On 3 October 2023, the CCI approved the acquisition of a 1.74% minority stake in Lenskart Solutions Private Limited (“Lenskart“) by Kedaara Capital Fund III LLP (“Acquirer”) from Kedaara Capital Fund II LLP and Kedaara Norfolk Holdings Limited (collectively “Sellers“) (“Proposed Combination“). Notably the Acquirer and Sellers were both affiliates under the common control /management of the Kedaara group. At the time of granting its approval the CCI, analysed horizontal overlaps relating to the sale of eyewear products between Lenskart and a Kedaara group portfolio entity and concluded that it would not be able to cause an AAEC in India.

On 26 October 2023, the CCI approved a transaction between Renault S.A (“Renault”) and Nissan Motor Co. Limited (“Nissan”) aimed at rebalancing (a) their cross shareholding in each other at a global level and (b) their respective shareholdings in their Indian joint ventures i.e. Renault Nissan Automotive India Private Limited and Renault Nissan Technology & Business Center India Private Limited (collectively “JV Entities“). Notably, at the time of granting its approval the CCI, inter-alia noted that the rebalancing exercise would not lead to any change in market concentrations and further observed that the products and services provided by the JV Entities to Nissan and Renault in India were solely captive in nature and as such there could be no competition concerns arising out of such relationships.

On 10 October 2023, the CCI approved a transaction involving (a) a 20% investment by JICC-01 Limited partnership which is an entity ultimately owned and controlled by the Japan Investment Corporation (“JIC“) in Hitachi Astemo Ltd. (“HAL”); (b) Honda Motor Co. Ltd.’s (“HMCL“) acquisition of additional shares in HAL and (c) reorganisation of HMCL’s shareholding in HAL’s subsidiary (“Proposed Combination“). Notably, at the time of granting its approval the CCI analysed the impact of the vertical relationship between HAL group entities and HMCL which stemmed from an existing supply arrangement between the two entities. In this regard the CCI observed that, these pre-existing vertical linkages had been operational before the Proposed Combination and would have persisted even if the Proposed Combination had not occurred and as such there would be no change to the market dynamics in India.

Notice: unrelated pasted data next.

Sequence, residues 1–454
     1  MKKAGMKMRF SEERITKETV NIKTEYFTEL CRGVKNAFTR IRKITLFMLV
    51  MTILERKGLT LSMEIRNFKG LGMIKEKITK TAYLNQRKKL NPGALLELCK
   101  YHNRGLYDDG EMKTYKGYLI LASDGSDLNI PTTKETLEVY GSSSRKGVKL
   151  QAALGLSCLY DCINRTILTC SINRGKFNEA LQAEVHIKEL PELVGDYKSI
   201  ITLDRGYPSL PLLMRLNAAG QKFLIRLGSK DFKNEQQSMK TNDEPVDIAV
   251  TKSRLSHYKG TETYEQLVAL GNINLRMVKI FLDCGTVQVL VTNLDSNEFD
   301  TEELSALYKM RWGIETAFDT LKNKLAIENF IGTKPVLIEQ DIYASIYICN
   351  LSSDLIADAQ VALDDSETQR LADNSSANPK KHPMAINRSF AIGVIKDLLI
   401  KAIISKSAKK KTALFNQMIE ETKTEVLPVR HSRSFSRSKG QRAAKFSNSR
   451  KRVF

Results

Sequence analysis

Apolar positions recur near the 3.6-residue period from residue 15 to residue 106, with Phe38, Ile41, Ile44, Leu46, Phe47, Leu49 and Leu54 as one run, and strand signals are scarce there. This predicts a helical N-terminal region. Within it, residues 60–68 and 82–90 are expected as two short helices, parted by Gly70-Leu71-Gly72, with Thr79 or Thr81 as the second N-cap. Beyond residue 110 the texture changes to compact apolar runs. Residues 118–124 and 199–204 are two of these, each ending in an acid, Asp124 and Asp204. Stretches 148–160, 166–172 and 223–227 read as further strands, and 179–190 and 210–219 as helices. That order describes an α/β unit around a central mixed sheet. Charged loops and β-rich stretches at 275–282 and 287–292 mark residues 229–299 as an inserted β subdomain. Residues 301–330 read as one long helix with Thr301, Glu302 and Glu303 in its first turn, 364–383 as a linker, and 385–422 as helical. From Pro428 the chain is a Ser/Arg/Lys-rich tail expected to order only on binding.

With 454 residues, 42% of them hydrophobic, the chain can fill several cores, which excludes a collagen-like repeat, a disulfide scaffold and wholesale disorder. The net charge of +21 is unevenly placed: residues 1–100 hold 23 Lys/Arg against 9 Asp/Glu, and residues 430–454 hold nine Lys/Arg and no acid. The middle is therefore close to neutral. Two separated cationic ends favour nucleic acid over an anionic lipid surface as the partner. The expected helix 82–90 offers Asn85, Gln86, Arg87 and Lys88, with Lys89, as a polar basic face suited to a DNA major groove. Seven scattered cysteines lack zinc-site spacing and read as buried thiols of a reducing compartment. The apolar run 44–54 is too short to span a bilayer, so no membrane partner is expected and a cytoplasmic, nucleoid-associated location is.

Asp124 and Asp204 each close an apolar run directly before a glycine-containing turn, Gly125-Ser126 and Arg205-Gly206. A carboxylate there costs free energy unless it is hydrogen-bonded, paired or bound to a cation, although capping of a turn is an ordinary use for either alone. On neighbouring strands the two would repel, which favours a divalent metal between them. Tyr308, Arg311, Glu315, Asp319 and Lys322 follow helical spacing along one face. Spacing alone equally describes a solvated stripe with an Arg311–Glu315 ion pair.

On 3 October 2023, the CCI approved the acquisition of a majority stake of up to 65.8% in Indira IVF Hospital Private Limited (“Indira IVF“) by Zonnebaars Netherlands B.V. (“Zonnebaars“), an entity owned by the BPEA Fund VIII and managed by the EQT group (“Proposed Combination“). At the time of granting it’s approval, the CCI noted that Proposed Combination was slated to either take place through a primary structure whereby Zonebaars would ultimately hold a 60% stake in Indira IVF or a fall-back structure pursuant to which Zonebaars would ultimately acquire a 65.8% stake in Indira IVF. Further the CCI analysed (a) vertical overlaps relating to the manufacture and use of certain pharmaceutical products; and (b) horizontal overlaps relating medical specialities and procedures, being offered by Indira IVF and an EQT portfolio entities, eventually concluding that these overlaps would not be likely to cause AAEC in India.